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Celebrate 30 years of the Sinclair C5

Published 02 January 2015

The 30th anniversary of the Sinclair C5 is being celebrated by the National Motor Museum at Beaulieu.

First on display in the museum following its launch on 10 January, 1985, visitors will have the chance to reassess the importance of the electric tricycle.

When it was launched in 1985, it failed to win over the press and the public – but it has since become a 1980s icon – representing a vision of a brave new world, as well as a failure of British engineering.

Created by inventor and entrepreneur, Sir Clive Sinclair, the C5 was designed to be an inexpensive and alternative to the car, bus or bicycle. Marketed as ‘a new power in personal transport,’ it had a retail price of £399 and could reputedly be driven for five miles on just one pence of electricity.

But at just 2ft 7in tall, it made users vulnerable on the road, while the claimed 20 miles of one battery charge was modest to say the least. And then there was the ‘weather cheater’ poncho – a poor substitute for the lack of rain protection.

Although Sinclair had expected to sell up to 100,000 units a year, only 9000 C5s were built. By the time production ended in October 1985, brought about the collapse of the company that Sinclair had set up to produce it.

The C5 used both pedal power and an electric motor. Handlebars, located beneath the driver’s knees provided controls for steering, braking and acceleration. The design of the three-wheeled backbone chassis, constructed from steel, had been extensively developed by sports-car experts Lotus Cars.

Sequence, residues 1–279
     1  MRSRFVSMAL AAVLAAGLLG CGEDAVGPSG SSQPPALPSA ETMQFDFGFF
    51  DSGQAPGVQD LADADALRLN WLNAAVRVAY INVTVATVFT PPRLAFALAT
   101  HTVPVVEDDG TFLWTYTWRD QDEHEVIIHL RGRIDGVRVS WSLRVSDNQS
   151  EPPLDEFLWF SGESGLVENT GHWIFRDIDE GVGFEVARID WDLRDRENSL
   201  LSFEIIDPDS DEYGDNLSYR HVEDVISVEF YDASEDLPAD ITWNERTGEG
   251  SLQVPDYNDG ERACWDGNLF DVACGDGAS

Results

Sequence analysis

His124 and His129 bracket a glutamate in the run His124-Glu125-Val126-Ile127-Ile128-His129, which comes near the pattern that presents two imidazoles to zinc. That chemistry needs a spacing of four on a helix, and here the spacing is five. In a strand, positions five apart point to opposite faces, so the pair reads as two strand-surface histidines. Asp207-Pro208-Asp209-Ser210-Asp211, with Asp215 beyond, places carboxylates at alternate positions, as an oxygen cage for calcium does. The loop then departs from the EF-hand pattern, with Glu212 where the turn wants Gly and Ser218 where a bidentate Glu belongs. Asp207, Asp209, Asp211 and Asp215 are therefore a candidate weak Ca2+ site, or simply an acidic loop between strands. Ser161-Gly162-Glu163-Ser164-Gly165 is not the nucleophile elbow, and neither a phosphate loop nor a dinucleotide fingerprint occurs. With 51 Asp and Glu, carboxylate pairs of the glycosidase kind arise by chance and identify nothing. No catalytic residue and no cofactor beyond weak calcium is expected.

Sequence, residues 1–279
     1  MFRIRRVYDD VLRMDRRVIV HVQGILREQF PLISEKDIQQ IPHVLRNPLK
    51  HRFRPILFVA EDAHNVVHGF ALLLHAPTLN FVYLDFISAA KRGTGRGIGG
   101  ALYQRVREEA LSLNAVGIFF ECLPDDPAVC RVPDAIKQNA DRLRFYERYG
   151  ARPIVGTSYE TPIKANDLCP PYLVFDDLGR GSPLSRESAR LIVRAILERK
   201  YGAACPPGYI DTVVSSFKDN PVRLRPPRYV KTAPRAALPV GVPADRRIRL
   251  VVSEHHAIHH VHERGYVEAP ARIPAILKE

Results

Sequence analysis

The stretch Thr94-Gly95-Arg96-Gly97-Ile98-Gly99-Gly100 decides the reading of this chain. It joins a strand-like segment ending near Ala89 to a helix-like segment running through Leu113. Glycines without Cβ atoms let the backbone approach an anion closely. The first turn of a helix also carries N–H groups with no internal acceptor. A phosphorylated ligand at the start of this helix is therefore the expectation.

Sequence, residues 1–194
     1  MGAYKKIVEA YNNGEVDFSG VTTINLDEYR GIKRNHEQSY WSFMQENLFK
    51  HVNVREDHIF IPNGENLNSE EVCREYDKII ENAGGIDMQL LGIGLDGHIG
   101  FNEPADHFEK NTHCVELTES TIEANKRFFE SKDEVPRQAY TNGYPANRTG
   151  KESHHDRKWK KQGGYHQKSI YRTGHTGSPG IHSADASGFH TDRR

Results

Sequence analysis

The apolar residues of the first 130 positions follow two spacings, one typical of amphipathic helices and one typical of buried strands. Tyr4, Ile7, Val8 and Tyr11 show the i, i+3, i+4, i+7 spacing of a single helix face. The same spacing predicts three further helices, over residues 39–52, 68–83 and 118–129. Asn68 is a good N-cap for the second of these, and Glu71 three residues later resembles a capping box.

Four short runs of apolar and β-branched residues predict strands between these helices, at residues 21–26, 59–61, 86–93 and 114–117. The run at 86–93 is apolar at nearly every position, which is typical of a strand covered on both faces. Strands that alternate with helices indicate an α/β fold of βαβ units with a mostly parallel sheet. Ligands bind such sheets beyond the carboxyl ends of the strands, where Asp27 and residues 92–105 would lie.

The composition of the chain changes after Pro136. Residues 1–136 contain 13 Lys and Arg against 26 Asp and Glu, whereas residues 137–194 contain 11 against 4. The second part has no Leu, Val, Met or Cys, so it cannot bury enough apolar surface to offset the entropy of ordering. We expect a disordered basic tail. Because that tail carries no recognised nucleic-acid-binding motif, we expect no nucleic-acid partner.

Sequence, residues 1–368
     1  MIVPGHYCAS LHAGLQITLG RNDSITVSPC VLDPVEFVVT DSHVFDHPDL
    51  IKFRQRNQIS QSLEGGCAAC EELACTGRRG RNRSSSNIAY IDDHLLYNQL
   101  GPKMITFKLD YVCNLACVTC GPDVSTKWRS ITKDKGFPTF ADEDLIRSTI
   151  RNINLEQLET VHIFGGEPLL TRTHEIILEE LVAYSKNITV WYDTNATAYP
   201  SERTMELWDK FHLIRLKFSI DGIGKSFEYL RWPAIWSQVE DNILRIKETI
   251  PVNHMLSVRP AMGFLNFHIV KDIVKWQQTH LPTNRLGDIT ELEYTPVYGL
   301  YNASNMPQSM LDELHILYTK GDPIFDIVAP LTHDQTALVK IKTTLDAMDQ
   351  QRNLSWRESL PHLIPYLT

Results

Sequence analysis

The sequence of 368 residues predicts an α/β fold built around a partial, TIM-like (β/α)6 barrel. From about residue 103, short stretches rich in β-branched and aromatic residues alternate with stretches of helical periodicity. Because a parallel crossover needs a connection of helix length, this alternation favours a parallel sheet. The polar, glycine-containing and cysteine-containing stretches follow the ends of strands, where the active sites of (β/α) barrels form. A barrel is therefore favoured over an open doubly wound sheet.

An electric motor powered the left-hand rear wheel, helping the C5 to reach 15mph – its top speed, as restricted by law. Anyone over the age of 14 could drive one and no driving licence was required. Built by Hoover at the firm’s factory in Merthyr, Wales – prompting incorrect rumours that it was powered by a washing machine motor – each C5 was supplied to its new owners in a cardboard box.

By the time that the C5 was launched, Sir Clive Sinclair already had an impressive list of designs to his name. As a pioneer of miniaturisation, the reduction in the size of electronic hardware, his creations included the ZX range of affordable home computers, the digital watch, the world’s first slim-line pocket calculator and the world’s first pocket television.

Sinclair had long been fascinated by electric vehicles and experimented with much larger designs before focusing on the single-seater C5. He later claimed that the C5 was intended to fund the development of a much larger, four-seat electric vehicle, which could travel at speeds of up to 80mph. However, the C5’s commercial failure meant that this never happened.

Sinclair C5 


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